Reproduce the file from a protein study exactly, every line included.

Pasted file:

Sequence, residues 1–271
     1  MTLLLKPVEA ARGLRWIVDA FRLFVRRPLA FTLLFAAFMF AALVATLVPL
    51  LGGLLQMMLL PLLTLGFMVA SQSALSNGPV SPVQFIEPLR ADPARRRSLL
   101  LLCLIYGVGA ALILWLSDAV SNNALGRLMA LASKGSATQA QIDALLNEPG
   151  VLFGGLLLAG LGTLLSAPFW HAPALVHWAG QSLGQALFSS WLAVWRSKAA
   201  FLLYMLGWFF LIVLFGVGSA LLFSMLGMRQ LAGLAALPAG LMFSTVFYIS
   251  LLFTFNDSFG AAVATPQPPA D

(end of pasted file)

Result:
Sequence, residues 1–271
     1  MTLLLKPVEA ARGLRWIVDA FRLFVRRPLA FTLLFAAFMF AALVATLVPL
    51  LGGLLQMMLL PLLTLGFMVA SQSALSNGPV SPVQFIEPLR ADPARRRSLL
   101  LLCLIYGVGA ALILWLSDAV SNNALGRLMA LASKGSATQA QIDALLNEPG
   151  VLFGGLLLAG LGTLLSAPFW HAPALVHWAG QSLGQALFSS WLAVWRSKAA
   201  FLLYMLGWFF LIVLFGVGSA LLFSMLGMRQ LAGLAALPAG LMFSTVFYIS
   251  LLFTFNDSFG AAVATPQPPA D